These two vacant lots on Enfield Street in Hartford are giving Rosie Easterly a headache. “The rodents are so bad it’s ridiculous,” Easterly said Tuesday before city officials toured a number of vacant lots and abandoned buildings with Acorn’s Northend United chapter.
Easterly said she wants to know what’s going to be done because “nobody wants to come from their job and look at this.” She said the rodents are causing health problems for her two-year-old grandson, who has asthma that’s exasperated because of the rodents. And the overgrown grass has made her condo a target for burglars.
City officials from the Development Office and Department of Health and Human Services tried to assure Easterly and a handful of advocates that action has been taken against the property owners.
Michael Pascucilla, assistant director of health, said more than 20 notices have gone out to property owners in a four block radius near the two vacant lots on Enfield Street. Gus Espinoza, from the city’s development office, said the city has developed a new citation tool to remedy the problem which is prevalent in this area of the city.
He said if the individuals in charge of the companies that own the property, or the individuals themselves don’t clean up the property 10-days after receiving notice, then they are subject to a $99 per day fine. He said the fine is a “very effective” tool in getting the individual owners to clean up the properties.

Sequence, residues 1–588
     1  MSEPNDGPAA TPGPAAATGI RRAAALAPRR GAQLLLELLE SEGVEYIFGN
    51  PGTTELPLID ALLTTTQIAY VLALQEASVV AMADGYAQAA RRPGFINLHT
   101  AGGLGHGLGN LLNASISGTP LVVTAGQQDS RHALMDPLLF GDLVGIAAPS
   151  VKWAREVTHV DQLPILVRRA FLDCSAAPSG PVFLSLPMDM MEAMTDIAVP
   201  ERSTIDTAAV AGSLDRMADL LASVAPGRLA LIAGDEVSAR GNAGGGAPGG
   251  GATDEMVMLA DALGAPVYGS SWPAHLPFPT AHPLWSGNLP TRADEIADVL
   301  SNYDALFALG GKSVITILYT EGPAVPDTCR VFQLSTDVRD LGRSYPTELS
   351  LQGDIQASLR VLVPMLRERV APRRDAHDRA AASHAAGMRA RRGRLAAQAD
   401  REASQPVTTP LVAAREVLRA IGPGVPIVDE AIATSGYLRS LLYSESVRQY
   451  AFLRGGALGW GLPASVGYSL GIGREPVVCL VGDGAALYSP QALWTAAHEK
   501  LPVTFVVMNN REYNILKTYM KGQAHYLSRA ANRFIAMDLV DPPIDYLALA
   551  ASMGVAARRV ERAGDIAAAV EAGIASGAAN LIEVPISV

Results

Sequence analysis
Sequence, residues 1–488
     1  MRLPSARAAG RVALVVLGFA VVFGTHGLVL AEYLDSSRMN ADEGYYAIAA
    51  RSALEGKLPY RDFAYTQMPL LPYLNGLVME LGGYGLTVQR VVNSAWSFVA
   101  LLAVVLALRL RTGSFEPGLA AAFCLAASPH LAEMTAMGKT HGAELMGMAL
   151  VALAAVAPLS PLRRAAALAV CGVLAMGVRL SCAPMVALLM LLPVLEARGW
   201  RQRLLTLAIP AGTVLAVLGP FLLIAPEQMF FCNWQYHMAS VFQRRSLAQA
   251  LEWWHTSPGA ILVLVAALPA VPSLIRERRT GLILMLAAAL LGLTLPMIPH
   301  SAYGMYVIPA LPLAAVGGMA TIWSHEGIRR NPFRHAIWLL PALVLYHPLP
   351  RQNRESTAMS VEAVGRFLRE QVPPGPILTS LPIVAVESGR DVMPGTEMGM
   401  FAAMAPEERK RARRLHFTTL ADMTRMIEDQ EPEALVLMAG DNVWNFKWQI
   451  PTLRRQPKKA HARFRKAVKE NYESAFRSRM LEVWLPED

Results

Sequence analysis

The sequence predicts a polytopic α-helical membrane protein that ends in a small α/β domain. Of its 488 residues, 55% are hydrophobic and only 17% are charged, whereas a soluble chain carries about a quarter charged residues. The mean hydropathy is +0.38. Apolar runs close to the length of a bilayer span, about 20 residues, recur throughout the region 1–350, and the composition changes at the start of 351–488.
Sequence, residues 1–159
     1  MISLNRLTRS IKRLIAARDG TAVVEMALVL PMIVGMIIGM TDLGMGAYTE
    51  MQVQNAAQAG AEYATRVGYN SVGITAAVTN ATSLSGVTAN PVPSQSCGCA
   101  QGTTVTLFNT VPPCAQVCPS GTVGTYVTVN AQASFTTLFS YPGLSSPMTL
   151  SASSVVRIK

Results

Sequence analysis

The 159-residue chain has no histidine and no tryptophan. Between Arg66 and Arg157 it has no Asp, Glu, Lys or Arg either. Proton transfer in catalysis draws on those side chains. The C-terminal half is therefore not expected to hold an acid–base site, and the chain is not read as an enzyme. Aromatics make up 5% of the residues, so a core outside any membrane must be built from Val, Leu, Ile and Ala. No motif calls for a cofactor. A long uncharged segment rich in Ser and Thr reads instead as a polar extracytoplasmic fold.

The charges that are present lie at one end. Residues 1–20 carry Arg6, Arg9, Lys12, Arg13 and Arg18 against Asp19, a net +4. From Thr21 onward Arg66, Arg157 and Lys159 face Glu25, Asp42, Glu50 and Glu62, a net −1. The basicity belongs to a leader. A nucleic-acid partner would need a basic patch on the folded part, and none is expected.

But Easterly wasn’t impressed. She said they invited city officials out to view the property on Oct. 2 and it took them more than 8 days to send notice to property owners, who are then given 10 days to respond and take action.
Espinoza said the city has been working with the neighborhood NRZ since July and has been able to find three investors for three abandoned properties further down Enfield Street. “There’s been a big change on Enfield Street,” he said. He said there are three other tax delinquent properties on Enfield and Greenfield Streets that the city has referred to the city’s attorney for foreclosure.
But it’s the vacant lots at 45 and 47 Enfield Street causing Easterly the greatest concern. One of the properties is owned by Habitat for Humanity and the other is owned by the condo association Easterly belongs to, city officials said. Espinoza said he would have an answer regarding those two lots for Easterly